Dismiss Notice
Join Physics Forums Today!
The friendliest, high quality science and math community on the planet! Everyone who loves science is here!

Homework Help: Coeffecient of static friction problem

  1. May 31, 2008 #1
    1. The problem statement, all variables and given/known data

    I am given a right triangle with a block on it. At angle 18degrees the block does not move. At angle 19degrees the block starts sliding down the ramp. I am given no other information but I am told to find μS.

    The forces acting on the block are going to be Fn opposite the angle the block is sitting on, mgsin(theta) pointed downwards, F->, and the static friction pointed <- (Opposite the force).

    2. Relevant equations

    3. The attempt at a solution

    When it starts moving fS is going to be at its maximum correct? And fs = μS*Fn. Can I get a number for this considering I am only given the angle? Since the block is moving it has already broken through the maximum static friction force so does μS become 0 and the frictional force all becomes kinetic?
    Last edited: May 31, 2008
  2. jcsd
  3. May 31, 2008 #2
    Haha I asked this exact question, well okay it wasn't exact, but I asked a similar question yesterday.

    I dont know if this will help, but I learnt:

    Fn = m*g

    μS mg cos (angle, so thats 19) = mg sin 19


    μS= sin19/cos19 = tan 19

    Do you have a correct answer to match it with? That's what I was told and it seems to be working but as it's for my assignment I have no answer to check if it's right. I hope this might have helped. :smile:
  4. May 31, 2008 #3
    I don't actually I have three tries to see if its right then it submits :P I'll give this a try and see if it works out.
  5. May 31, 2008 #4
    That didn't work out unfortunately :(
  6. May 31, 2008 #5
    Draw a free-body diagram in terms of x and y components.

    We know that [tex]\Sigma F_{y}=ma_{y}=F_{normal_force}-mgcos(\theta)[/tex]

    Therefore, [tex]F_n=mgcos(\theta)[/tex]

    Since we know that, [tex]\Sigma F_{x} = ma_{x} = 0 [/tex], then

    [tex]f_{static}=mgsin(\theta_{max}) [/tex] and

    Now, solve for [tex]\mu_{static} [/tex]. You can see that it is independent of the mass of the the object.
    Last edited: May 31, 2008
  7. May 31, 2008 #6
    ustatic = mgsin(18)/mgcos(19)? But can I solve this even if I don't have m?
  8. May 31, 2008 #7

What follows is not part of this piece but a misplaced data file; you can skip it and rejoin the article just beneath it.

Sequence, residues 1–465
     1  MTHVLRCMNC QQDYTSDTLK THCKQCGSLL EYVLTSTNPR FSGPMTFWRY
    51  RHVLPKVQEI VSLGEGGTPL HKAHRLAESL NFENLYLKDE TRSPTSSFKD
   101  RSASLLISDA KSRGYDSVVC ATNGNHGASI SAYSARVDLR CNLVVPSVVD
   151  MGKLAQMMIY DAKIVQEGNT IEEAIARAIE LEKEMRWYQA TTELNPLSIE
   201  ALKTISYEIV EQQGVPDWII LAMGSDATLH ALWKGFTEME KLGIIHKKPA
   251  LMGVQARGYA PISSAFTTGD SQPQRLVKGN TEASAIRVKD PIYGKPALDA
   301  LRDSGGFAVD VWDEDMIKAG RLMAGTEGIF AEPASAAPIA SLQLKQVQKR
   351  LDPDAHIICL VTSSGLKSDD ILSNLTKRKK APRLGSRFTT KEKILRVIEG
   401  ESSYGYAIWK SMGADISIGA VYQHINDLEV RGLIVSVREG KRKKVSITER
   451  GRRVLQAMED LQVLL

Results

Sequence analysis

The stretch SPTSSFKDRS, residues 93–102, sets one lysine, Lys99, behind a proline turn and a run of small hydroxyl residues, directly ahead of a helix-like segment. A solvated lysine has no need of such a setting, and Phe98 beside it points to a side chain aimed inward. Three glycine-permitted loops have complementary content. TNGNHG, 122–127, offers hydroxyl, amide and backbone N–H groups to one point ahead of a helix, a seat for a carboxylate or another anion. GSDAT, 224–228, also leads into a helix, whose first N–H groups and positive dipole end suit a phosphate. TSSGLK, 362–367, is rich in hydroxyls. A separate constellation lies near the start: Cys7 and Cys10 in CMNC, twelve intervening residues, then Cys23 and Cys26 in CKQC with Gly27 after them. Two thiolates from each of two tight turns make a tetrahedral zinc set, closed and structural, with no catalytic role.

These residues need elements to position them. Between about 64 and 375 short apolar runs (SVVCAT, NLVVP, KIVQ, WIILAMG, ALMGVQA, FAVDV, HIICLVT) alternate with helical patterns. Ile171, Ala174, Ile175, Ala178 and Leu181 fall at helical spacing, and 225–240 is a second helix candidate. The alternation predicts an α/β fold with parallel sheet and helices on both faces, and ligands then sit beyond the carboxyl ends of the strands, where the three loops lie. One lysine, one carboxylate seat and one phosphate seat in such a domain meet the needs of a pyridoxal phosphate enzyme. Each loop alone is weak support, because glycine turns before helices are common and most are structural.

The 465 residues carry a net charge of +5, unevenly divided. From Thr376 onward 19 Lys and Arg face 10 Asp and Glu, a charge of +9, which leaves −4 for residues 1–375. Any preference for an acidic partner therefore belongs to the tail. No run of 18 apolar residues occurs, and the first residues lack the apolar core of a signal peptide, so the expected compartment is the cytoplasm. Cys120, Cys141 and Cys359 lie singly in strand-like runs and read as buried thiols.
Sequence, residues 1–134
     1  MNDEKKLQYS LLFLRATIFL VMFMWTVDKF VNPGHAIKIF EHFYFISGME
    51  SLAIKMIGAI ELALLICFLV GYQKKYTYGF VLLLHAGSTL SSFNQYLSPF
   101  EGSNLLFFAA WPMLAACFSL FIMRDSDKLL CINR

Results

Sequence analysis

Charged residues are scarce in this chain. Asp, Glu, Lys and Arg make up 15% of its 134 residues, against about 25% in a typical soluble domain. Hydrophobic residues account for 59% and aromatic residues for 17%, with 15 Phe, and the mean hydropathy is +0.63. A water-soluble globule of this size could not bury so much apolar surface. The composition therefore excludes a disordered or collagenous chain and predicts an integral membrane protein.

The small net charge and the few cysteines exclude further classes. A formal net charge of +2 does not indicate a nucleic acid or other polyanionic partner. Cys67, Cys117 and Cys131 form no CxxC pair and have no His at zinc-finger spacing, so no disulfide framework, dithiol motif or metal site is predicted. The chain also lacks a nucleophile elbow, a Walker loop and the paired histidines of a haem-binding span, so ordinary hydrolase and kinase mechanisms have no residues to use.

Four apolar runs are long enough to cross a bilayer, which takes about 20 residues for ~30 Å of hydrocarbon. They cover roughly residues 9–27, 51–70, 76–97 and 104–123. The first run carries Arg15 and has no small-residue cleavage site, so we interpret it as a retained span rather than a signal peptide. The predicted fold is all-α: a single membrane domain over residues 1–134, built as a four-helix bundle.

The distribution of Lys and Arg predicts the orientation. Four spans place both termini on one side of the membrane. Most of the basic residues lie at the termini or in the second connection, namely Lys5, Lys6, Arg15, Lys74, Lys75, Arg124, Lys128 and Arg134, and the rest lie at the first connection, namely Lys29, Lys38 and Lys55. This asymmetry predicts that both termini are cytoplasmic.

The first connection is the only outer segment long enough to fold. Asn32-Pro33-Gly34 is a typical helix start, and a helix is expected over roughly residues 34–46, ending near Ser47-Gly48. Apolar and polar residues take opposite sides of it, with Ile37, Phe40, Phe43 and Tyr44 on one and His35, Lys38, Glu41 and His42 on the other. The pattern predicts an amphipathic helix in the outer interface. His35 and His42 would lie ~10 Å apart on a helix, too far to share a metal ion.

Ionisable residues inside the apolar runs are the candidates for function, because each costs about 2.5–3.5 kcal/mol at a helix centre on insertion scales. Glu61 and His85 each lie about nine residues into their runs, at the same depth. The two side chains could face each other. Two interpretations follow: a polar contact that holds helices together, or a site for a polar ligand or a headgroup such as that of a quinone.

No. Think about it. What is the [tex]\theta_{max}[/tex] that prevents it from falling? The thetas must be equal.
  9. May 31, 2008 #8
    So its just gsin(19)/gcos(19)
  10. May 31, 2008 #9
    yeah that free-body diagram is crucial. make sure the x-axis is parallel to the slope of the triangle. i would use 18 degrees for your theta max, not 19, because the balance is not valid for 19 degrees.
  11. May 31, 2008 #10
    [tex]\theta_{max}[/tex] is the angle just as it starts to slide. *Hint: look at your given information. =P
  12. May 31, 2008 #11
    oh sorry missed a few posts there.
  13. May 31, 2008 #12
    ic thanks! I end up with .32492 then. Which was correct!
    Last edited: May 31, 2008
  14. May 31, 2008 #13
    Wow. This is really interesting. Sorry AnkhUNC, that I couldn't help.

    But now I think all my answers are wrong. I posted a thread yesterday called Static Coefficient HELP or something like that, I'm sure its at the bottom of the Introductory Physics section at the moment... but now I'm really lost as to what's the right answer... I jut posted a new thread too, can anyone help? I'm a little confused.

    Wow I just did that gsin(19) thing... can I used that equation for my angle as well? Is g 9.8N?

    Oh no.. :confused:
  15. May 31, 2008 #14
    No, g is the acceleration due to gravity. [tex]g \approx 9.8m/s^2[/tex]
  16. May 31, 2008 #15
    Oh of course, right. :smile: But okay it is 9.8... Hmmm

    This is what I found out yesterday, with mine and that's my angle, (I have 7 different angles but thats the first) and that's what I did to find μS, but I actually need μK, does it mean because my angle is an angle where my sinker is already rolling, not just starting to, that the same equation will give me the μK?

    Fn = m*g

    μS mg cos 55.9= mg sin 55.9


    μS= sin55.9/cos19 = tan 55.9

    = 1.4769

    Then I put that into the F= μ*N

    And got 173.68

    Is the equation right?
    Last edited: May 31, 2008
  17. May 31, 2008 #16
    Like I've said before, [tex]\mu_{static} = \frac{mgsin(\theta)}{mgcos(\theta)}=tan(\theta)[/tex]
    The thetas must be equal.

    Also,[tex]\mu_{static}<1[/tex] in this scenario.
  18. May 31, 2008 #17
    Okay, hmm, both thetas are 55.9, and both m's are 0.012, are both g's 9.8? Of course, they have to be. Hmm.
Share this great discussion with others via Reddit, Google+, Twitter, or Facebook